Tagged: Angels

Angels? Losers? Huh?

The very definition of noise pollution:
Since the Trading Deadline came and went, people all over with a microphone or an IP address have been unloading on the Angels, consigning them to the “Losers” bin for not making a move.
Hello? Speaking of consignments, how about dropping all these polluters in the looney bin?
Best record in the AL (and only a couple of ticks behind the Dodgers neighbors for best in MLB). And that’s not all. Since the weekend prior to the All-Star break, 17-3. And that’s still not all.
How about this: Torii Hunter and Vladimir Guerrero simultaneously going on the Disabled List coincides with that start of that 17-3 spree. Name another team that could’ve similarly withstood the double-loss of its two biggest bats. No chance. Especially a team, incidentally, considered offensively challenged to begin with once they let Mark Teixeira out of their grasp.
Oh, yeah … the Angels were drilled for that one, too.
And here they are, the Majors’ highest-scoring team. Always willing to help out: With the Metrodome about to be replaced by the open-air Target Field, the Angels jump-started demolition with a 35-run weekend in The Igloo.
In those last 20 games, they have scored 148 runs. For reference, in the preceding 20 with Hunter and Vladi, they had scored 115.
Mike Scioscia, easy call as Manager of the Year? Nope. Not enough. I’m holding out for Alchemist of the Year.
Scioscia ignited his latest batch with a rare blow-up not as memorable as 2006-vintage Jim Leyland (“We stunk, and it’s not good enough. It’s been going on here before and it’s not going to go on here.”) but just as effective.
“That’s a bad game. We need to get better. We need to play with consistency. And if the guys in that [clubhouse] aren’t going to do it, then we’re going to have to look at some changes,” Scioscia had said after a blowout loss to Tampa Bay on June 11 had dropped the Angels’ record to 29-29.
Since: 34-11.
I do get it: Deep-thinking analysts bashed the Angels for not acquiring the added pitching they’ll need to survive October. Can’t win without a fortified rotation, they said. Gotta load up on arms, they said. In other words, you need a staff like the ones of the Braves in the ’90s, jammed with Cy Young Award winners.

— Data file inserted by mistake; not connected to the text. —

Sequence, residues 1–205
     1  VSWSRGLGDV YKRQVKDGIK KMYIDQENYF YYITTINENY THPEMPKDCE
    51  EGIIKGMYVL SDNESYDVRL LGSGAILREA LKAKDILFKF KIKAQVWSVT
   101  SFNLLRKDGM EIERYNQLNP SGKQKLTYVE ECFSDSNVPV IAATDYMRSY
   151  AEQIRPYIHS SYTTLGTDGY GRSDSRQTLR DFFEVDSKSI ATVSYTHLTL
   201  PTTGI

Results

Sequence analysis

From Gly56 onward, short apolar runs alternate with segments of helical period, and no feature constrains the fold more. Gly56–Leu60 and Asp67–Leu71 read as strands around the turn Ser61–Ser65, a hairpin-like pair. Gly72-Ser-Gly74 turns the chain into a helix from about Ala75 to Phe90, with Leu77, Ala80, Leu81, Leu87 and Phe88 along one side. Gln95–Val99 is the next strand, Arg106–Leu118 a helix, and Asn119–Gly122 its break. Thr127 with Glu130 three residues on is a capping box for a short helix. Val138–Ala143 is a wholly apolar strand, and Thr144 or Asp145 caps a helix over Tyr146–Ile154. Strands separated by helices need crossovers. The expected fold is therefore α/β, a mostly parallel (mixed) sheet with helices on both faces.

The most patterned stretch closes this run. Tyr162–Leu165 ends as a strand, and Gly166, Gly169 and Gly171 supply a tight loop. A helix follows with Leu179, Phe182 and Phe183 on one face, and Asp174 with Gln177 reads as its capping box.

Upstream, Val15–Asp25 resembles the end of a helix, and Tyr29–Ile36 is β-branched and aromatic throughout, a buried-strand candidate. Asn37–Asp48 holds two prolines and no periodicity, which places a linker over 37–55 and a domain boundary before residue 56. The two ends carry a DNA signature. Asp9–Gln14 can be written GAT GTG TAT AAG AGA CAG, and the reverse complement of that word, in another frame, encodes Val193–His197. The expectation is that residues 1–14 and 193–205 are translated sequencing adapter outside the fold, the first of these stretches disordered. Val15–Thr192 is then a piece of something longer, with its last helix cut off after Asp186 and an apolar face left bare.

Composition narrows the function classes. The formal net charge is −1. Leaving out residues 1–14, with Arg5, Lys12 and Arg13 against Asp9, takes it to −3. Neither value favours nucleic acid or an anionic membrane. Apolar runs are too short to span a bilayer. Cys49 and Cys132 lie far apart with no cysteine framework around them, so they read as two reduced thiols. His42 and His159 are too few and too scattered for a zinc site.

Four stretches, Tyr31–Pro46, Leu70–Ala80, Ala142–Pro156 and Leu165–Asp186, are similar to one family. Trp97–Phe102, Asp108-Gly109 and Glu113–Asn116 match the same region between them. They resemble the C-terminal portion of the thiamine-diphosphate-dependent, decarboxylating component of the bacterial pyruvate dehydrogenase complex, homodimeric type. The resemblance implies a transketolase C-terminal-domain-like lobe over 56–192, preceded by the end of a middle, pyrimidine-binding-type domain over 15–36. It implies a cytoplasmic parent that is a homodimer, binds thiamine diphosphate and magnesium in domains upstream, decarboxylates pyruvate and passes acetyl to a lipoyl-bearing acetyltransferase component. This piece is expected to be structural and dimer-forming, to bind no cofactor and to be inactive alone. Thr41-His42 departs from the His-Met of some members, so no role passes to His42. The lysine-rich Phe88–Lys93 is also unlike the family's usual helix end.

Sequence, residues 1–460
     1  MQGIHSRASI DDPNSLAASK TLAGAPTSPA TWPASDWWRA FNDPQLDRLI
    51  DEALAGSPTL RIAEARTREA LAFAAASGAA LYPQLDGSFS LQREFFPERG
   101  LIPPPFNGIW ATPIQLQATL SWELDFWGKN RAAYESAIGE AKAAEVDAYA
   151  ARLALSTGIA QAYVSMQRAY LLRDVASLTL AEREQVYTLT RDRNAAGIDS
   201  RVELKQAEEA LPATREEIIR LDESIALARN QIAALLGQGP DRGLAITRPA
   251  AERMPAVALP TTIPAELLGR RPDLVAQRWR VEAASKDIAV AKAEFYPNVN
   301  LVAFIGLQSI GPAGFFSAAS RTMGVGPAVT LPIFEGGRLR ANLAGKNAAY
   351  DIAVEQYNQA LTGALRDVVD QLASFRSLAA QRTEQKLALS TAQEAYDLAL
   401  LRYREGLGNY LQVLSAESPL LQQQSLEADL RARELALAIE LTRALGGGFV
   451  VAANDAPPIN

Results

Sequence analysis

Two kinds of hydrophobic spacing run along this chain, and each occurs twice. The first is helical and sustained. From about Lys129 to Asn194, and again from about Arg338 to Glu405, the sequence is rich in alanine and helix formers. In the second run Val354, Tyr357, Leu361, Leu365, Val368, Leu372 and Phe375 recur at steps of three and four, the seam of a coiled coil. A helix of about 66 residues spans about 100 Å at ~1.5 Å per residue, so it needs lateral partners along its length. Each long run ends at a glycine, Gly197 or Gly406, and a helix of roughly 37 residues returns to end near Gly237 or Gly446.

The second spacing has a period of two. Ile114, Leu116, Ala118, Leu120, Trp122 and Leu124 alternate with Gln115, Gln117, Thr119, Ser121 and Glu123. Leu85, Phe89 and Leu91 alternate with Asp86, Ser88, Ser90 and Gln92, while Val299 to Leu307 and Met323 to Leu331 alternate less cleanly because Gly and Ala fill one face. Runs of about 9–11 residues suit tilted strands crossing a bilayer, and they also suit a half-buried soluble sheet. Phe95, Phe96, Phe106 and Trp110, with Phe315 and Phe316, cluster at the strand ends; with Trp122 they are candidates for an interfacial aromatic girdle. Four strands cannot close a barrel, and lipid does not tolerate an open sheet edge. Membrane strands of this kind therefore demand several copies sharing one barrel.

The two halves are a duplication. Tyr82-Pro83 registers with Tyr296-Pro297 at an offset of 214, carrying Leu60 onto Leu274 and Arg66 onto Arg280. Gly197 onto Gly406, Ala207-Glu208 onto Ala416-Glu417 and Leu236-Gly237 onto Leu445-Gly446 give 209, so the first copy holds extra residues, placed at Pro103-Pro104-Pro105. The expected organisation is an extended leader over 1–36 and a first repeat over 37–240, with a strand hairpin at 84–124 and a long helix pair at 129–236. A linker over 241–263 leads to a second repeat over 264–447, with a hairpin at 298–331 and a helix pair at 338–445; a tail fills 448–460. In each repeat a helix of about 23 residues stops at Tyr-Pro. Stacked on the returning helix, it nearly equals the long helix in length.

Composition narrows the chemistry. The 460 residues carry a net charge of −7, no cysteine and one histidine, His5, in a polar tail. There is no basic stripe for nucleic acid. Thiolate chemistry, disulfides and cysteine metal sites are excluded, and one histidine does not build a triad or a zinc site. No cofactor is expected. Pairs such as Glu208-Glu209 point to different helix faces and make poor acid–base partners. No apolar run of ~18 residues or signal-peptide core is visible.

You know, those Braves who went into 14 consecutive postseasons, and came out of them alive exactly once.

Now THIS is deja vu

Fell out of bed this morning and for some reason wanted to raid the closet for bell-bottoms and a leisure suit. Oh, yes — the Angels beat the Orioles on Saturday and Sunday after trailing 4-0 in both games.

The Halos had not won consecutive games they’d trailed by four runs in 30 years — since doing it against the Yankees in July 1979. That was the coming-of-age weekend for a downtrodden franchise, and how well I remember it.

On July 13-15, the California Angels tamed the traveling Bronx Zoo

The Friday game was a simple 6-1 victory — except for one thing: a Nolan Ryan no-hit bid turned into a fiasco which led to the end of a baseball tradition, of reporters doing double-duty as official scorers.

With Ryan five outs from the no-hitter, Jim Spencer hit a sinking liner to center field. Angels center fielder Rick Miller — who’d won a Gold Glove the year before — made a desperate bid for a diving catch that came up a few inches short.

Dick (no relation) Miller, the Angels beat writer for the old Los Angeles Herald Examiner acting as official scorer, ruled “Error.” Miller, see, was also working on a Ryan biography and thinking of the advance.

The entire Yankees dugout spilled out and gestured up to the press box in protest. Buzzie Bavasi, the late GM of the Angels, flew into the press box and down to Miller’s seat, screaming, “That’s the most embarrassing thing I’ve ever seen.”

Flash forward to the ninth, one out: Reggie Jackson drills a clean single up the middle and runs down the first-base line BACKWARDS, gesturing up to the press box and to Dick Miller. Ryan finishes off his one-hitter. Just another Friday the 13th.

Flash forward to Saturday: Down 6-0 after five, the Angels rally and eventually tie it on Don Baylor’s three-run homer off Goose Gossage with two outs in the ninth and win 8-7 in the 12th on Merv Rettenmund’s RBI single.

Sunday: Down 4-0 early, the Angels keep stirring up the already-frenzied fans with another surge culminated by Bobby Grich’s two-out, two-run homer in the ninth off Ron Guidry for a 5-4 win.

Oh … that series took the Angels into the All-Star Game break with a two-game AL West lead over the Texas Rangers, and they would finish the job with the franchise’s first division title before losing the ALCS … to the Orioles.

Getting weird, isn’t it? As the old saying goes, “Well, I’ll be a Rally Monkey’s uncle!”